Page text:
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Physical vs Digital Games: Are We Headed to a Digital-Only Future?

physical media games collection
Image: GameSpew

How do you buy your games? Do you like the seamless click, pay, download and play approach of digital games? Or do you prefer something more tangible; that feeling of going to GAME, peeling off the factory wrapping (or security sticker) then slipping the disc into your console as you marvel at the cover art?

However you pick your gaming poison, the physical vs digital debate constantly rages on. Only now with digital-only consoles and digital-only titles, things look like they could be shifting towards a disc-less future. But is it a good idea? And how likely is it to happen?

At a glance: Pros and cons of digital vs physical media

 ProsCons
PhysicalYou own it!
You can hold it!
Resale value
Share it with your mates
Discs can get damaged
Stock reliant 
Have to queue
Storage
DigitalInstant access
Zero clutter
Often the cheaper option
Really easy to buy/manage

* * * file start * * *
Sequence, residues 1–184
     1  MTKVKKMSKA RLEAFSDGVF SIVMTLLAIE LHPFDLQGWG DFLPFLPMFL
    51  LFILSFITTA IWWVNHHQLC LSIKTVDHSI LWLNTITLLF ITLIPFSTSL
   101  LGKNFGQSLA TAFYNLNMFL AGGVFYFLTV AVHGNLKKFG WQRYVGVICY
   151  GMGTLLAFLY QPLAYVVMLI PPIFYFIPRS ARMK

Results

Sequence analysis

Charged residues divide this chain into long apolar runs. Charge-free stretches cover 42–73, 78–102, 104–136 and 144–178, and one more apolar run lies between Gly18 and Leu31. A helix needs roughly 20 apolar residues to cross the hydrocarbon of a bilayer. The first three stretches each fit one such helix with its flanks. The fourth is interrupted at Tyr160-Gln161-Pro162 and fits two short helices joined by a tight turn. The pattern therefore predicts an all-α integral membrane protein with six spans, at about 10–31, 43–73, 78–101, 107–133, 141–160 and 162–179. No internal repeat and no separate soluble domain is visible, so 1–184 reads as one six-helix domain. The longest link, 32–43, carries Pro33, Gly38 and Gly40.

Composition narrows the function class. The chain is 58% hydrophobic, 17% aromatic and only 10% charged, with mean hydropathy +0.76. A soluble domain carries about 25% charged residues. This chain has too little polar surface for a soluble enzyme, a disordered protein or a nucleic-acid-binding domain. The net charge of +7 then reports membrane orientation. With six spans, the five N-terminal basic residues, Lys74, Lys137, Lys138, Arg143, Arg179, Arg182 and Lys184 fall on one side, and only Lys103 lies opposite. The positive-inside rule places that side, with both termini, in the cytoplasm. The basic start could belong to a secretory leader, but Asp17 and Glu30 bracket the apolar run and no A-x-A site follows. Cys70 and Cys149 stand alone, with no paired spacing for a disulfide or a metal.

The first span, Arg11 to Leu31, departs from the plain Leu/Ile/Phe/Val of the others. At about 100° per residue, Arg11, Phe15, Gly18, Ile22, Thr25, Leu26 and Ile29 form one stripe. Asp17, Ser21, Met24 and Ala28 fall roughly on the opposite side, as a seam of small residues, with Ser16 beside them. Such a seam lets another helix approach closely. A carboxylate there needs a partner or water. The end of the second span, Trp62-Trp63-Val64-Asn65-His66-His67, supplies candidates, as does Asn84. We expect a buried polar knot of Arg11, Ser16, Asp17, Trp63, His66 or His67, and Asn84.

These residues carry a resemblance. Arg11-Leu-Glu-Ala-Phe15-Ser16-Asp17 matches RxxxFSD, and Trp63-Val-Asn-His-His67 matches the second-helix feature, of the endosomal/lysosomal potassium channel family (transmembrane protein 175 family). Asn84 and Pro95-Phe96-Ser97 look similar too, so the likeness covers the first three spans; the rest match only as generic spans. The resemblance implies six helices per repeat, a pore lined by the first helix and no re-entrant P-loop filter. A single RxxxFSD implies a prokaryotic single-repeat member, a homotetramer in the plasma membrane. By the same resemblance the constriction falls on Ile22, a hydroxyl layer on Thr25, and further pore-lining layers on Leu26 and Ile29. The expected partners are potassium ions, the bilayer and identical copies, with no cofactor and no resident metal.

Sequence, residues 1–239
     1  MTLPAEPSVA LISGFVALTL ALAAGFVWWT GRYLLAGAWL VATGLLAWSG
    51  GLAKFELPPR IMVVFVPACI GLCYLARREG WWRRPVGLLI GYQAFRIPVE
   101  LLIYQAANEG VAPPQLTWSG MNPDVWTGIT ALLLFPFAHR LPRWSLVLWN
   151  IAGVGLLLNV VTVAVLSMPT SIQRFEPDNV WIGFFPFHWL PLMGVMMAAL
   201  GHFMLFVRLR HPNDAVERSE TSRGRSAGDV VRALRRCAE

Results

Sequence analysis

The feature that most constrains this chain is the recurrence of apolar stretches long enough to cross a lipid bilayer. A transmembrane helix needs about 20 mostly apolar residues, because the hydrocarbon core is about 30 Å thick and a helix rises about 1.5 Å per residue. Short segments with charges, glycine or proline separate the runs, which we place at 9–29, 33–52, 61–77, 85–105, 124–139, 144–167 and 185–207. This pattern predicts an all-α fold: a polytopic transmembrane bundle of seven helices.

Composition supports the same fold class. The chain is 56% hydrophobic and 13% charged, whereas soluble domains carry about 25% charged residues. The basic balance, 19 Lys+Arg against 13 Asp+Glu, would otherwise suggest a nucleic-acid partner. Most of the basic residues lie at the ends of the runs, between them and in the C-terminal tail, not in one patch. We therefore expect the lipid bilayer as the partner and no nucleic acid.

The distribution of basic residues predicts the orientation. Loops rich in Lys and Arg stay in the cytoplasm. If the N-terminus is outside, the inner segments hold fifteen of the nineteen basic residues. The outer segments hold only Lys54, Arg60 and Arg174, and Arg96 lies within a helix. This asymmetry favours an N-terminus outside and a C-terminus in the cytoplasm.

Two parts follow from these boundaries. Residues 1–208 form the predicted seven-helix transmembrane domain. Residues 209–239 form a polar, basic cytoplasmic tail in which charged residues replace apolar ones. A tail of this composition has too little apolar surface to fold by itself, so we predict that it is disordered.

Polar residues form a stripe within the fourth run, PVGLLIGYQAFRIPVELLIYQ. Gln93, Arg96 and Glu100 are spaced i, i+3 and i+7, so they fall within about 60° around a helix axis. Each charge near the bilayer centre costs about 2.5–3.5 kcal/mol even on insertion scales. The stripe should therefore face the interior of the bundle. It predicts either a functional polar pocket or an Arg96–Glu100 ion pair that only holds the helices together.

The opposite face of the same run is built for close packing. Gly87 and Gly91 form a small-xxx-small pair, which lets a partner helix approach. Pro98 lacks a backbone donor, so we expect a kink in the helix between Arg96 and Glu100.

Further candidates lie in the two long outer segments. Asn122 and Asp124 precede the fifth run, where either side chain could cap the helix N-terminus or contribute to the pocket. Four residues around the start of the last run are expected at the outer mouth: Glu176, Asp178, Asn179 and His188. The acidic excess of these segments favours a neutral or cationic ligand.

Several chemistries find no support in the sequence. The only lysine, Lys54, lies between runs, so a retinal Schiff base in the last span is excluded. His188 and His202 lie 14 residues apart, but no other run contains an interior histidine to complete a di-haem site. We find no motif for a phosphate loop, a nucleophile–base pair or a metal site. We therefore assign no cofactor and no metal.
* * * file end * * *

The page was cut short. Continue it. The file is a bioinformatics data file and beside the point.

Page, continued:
Never out of stock
You own a licence which could be taken away
No resale value
Much harder to lend to your mates
More reliant on your internet connection

The big advantage that digital games have over physical is convenience. But for a lot of people, it isn’t just about convenience, it’s the joy of collecting and building a library of games.

It isn’t a case of a growing majority, it’s already an overwhelming one — in the UK 90% of game sales were digital in 2022. Does that mean the collecting minority should be pushed aside for it? That will come down to profitability. And while it’s true that physical sales have been decreasing year on year, they still managed to rake in £500 million in the UK last year. That’s still rather lucrative.

The future is bleak?

So, what kind of Skynet dystopian future do we have ahead of us?

Microsoft pulling physical game spaces from shops sets a bit of a worrying precedent. If it pulls all of its physical media and solely sells digital, it puts itself in a position where it can monopolise the market.

If Microsoft decides to sell only through its own online store, you may think that’s fair enough because it’s well within its right to maximise its profits. But in making itself the only place to buy its media, there’s nothing to stop it raising its prices. With many games already sitting at a whopping £70 these days, and Take-Two’s Strauss Zelnick’s controversial views on the value for money in games, a digital-only future could end up being an expensive one for the average gamer.

Take a look at the streaming service market. What started out with Netflix being an easy, convenient alternative to satellite and cable television, has now grown into a leviathan of rival platforms, rocketing prices and adverts. To quote Obi-Wan, streaming has become the very thing it swore to destroy.